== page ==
I got everything ready to replace the bands in the transmission, tell me an easy way to lift the hogs head off.
John - I've certainly adjusted bands enough, but never really replaced bands. And as far as "lifting the hogshead off", I've never done that either, but reading the forum regularly for several years, I've read about it enough, but I have never, and I mean "NEVER" heard anyone say it was easy!
I can't speak for all years, but with my 1910 I had to remove all 4 bolts around the universal joint on the rear of the hogshead. Even then, there was barley enough room to pull it off. If you have the time and machine shop, I would recommend adding O rings to each shaft to reduce oil leaks. It will require removing each shaft and cutting a groove for the O rings. I watched several videos before attempting the band replacement operation. I used Kevlar bands from Langs. My bands now work great and I have not had to adjust them after the first few trips. Good Luck!
I forgot to tell you that it is necessary to put the brake lever in neutral or even all the way forward.
Do your bands have the "quick change" type connectors? If so, the hogshead may not need to be removed. It is my understanding they were developed to make the job easier without removing the hogshead.
There is no easy way but it is a lot easier in the early cars without front doors and starters. I made up a gizmo to lift the hogs head and lower it in place as my back is not what it used to be and that does help when maneuvering it. Fortunately, with Kevlar bands you don't have to do it very often. I have had the same bands in one of my cars for more than 10 years and hope to get another 10 years out of them!
Try to keep the bolts in order as you remove them.
Some holes are for nutted cap screws, some are tapped and of differing lengths.
I recommend cardboard with punched holes to keep them in order.
Goop the front corners where the hogshead sits too.
I forgot to mention zip ties for holding the bands on the drums while you wrestle the hogshead into place are your friends too.
John, when i removed mine i replaced the top felt gasket with the new neoprene gasket the vendors sell, it makes a huge difference in oil leakage. And like Craig said, goop those corners good.
There is no "easy way." I'd rather pull the engine and do it on the engine stand than try to do it in the car.
The shop manual says changing the old design bands you have to remove the cover and the job takes 53 minutes. With the new design you can do it through the door and it takes 40 minutes. Ha! Those time studies assume you're an experienced Model T mechanic who has done the job many times. Having the new design bands in my touring, I installed them through the door. It took me only a couple of weeks. I'd work at it for a couple of hours, quit to cool down, and come back to it the next day. Would I do it again? Having learned what to do, and perhaps more importantly what NOT to do, sure. I bet I could do it in less than a week the second time.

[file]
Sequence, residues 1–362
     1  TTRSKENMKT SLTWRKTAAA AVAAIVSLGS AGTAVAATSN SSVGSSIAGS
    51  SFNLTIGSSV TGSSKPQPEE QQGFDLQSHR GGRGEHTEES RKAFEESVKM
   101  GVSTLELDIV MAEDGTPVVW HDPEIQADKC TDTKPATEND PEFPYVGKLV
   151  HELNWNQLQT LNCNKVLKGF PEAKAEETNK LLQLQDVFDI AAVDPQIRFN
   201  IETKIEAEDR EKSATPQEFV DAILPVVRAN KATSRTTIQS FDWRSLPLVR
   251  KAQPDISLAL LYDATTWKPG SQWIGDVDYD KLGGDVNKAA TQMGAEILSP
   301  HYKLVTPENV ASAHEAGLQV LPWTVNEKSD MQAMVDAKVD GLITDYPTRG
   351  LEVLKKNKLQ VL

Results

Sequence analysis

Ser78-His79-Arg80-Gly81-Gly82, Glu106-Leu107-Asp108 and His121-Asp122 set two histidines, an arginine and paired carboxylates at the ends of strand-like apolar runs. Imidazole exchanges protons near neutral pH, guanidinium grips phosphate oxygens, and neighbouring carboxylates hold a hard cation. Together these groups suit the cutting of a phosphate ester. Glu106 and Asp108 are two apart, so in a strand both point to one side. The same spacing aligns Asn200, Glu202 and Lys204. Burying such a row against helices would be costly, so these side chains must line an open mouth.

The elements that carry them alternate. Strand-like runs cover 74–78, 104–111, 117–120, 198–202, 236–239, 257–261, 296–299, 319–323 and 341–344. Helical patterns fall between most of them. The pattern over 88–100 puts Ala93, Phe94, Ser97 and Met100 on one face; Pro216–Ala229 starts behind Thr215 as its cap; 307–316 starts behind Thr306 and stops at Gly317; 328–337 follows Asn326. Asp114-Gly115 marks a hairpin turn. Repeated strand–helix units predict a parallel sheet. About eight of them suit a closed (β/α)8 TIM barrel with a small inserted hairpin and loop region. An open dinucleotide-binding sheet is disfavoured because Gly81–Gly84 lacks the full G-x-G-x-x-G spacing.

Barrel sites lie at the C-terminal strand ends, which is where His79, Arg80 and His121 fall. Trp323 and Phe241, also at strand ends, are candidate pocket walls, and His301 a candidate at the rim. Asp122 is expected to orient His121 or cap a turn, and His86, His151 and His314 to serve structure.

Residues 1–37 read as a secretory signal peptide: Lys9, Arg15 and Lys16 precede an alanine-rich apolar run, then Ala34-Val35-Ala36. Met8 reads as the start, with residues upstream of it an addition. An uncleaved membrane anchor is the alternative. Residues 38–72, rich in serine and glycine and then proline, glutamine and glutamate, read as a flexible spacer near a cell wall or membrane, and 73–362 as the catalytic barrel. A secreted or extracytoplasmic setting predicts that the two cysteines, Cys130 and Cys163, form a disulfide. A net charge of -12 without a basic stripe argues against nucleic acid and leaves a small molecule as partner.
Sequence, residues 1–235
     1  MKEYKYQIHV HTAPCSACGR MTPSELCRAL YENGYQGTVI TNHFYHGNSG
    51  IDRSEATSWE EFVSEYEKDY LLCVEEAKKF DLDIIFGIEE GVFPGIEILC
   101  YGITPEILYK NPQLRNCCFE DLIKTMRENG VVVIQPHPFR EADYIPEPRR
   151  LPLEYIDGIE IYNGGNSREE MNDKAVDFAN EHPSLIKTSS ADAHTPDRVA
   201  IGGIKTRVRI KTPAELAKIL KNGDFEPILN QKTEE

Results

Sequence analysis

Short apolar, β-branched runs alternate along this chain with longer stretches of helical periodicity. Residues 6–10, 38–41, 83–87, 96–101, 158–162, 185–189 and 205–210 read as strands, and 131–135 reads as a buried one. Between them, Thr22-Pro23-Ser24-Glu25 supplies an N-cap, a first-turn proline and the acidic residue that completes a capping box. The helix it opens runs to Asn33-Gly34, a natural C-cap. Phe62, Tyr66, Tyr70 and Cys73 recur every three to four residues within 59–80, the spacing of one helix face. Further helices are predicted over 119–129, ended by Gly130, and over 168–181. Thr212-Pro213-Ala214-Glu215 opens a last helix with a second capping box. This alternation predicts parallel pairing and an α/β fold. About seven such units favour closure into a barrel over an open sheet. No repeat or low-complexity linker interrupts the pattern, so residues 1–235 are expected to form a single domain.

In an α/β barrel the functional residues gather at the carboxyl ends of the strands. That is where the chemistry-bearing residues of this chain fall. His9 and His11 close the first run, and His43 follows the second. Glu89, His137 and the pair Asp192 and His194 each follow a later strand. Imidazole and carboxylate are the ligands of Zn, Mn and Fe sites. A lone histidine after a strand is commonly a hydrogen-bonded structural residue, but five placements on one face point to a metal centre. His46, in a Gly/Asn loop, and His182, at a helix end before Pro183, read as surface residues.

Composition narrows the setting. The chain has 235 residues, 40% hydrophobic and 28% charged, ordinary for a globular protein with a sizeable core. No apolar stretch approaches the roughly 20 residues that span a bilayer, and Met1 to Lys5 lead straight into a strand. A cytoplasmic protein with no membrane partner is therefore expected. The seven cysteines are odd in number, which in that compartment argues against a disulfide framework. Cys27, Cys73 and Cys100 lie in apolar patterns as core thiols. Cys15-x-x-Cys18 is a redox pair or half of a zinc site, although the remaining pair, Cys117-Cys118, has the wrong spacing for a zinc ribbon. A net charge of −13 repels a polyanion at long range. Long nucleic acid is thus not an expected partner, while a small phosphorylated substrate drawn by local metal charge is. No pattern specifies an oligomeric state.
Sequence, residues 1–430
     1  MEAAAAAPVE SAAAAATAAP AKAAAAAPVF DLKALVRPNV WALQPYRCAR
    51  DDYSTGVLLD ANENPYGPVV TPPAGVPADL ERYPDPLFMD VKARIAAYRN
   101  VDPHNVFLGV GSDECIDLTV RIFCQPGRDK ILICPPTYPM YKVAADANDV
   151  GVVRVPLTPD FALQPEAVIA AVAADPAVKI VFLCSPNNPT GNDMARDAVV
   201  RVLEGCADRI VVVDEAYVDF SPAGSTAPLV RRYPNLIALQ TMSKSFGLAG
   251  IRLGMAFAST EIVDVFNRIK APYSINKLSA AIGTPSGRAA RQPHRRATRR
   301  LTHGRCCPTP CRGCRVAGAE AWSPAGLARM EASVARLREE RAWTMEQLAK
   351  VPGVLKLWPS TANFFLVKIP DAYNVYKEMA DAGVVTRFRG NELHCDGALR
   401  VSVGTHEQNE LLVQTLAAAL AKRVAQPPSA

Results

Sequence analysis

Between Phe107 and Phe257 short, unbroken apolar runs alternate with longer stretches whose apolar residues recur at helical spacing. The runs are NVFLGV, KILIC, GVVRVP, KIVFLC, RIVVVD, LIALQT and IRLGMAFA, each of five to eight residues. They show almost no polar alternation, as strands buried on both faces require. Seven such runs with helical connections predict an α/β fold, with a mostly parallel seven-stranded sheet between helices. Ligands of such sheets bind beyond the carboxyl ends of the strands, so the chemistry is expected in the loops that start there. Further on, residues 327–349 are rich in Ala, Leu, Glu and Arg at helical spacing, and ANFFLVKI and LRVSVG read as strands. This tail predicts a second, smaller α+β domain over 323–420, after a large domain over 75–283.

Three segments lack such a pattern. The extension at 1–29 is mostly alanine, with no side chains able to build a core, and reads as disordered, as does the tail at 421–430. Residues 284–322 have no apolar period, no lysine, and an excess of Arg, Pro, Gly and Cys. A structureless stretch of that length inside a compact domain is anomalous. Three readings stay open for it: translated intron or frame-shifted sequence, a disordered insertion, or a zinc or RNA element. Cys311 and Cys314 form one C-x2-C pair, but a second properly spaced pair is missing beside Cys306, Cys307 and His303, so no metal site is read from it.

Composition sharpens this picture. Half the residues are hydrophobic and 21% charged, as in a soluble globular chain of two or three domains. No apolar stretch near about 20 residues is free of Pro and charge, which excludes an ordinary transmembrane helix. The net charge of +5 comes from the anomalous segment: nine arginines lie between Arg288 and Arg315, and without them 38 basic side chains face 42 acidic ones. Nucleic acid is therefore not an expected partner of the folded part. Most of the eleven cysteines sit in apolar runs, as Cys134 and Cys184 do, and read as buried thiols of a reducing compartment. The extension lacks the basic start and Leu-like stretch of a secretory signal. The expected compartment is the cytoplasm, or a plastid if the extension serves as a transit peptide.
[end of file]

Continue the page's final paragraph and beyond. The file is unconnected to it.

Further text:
I have the quick change type John speaks of above and I never remove the hogs head to change them.
Harold; You're in for a treat the first time you change them. Call me and I'll help.
John, who is selling a neoprene replacement for the felt gasket? I don't see it in any of my catalogs.
I believe RV Anderson used to supply them.
I changed the brake and clutch bands in my '23 over the past weekend with the hogshead on the car. Total time was about three hours including riveting the new Kevlar band liners to the bands. The reverse band looked good so I left it alone.
On my Vaporized '26 you have to remove the exhaust manifold.
Is this the case with earlier cars
Chris -- If you're asking about removing the hogshead, the answer is yes, you do need to remove the exhaust manifold to do that.
If your lucky enough to have an aluminum hogshead, its pretty easy. About an hour to do the job, but add another hour for tying all the wrenches, springs, washers, and nuts to dental floss in case you drop something.
I taken the 4 u joint bolts out jack up rear wheels enouf to get a 4x4 under them place it just ahead of center lower the car this drive the rear end drive line back gives just the little extra
But it's not an easy job I have removed the motor on
Few and feel it makes a hard job easyer
Taking the hogshead off my '13 was the easy part. Putting it back on was the hard part, and like Craig said, lots of goop in the corners! I didn't have to remove the exhaust manifold.
I removed the hogshead on my vaporizer equipped 27 without removing the exhaust manifold. I did loosen the rear shackles to allow the 4th main to slide back to get the ears clear of the firewall. All up it was a horrible job, first time I didn't seal up where the felt was and had puddles of oil leaking out. Got it 2nd go but I think it would have been easier to pull the engine out.
I did manage to drop something in the transmission, which must be compulsory for all first time band changes. Flexible magnet had it back out after a few minutes fishing.
On my '26 Touring the exhaust pipe is in the way, if I were to remove the low band adjusting screw. Being in "The Foggy Islands", is your T a right hand drive? If so, that may make a difference.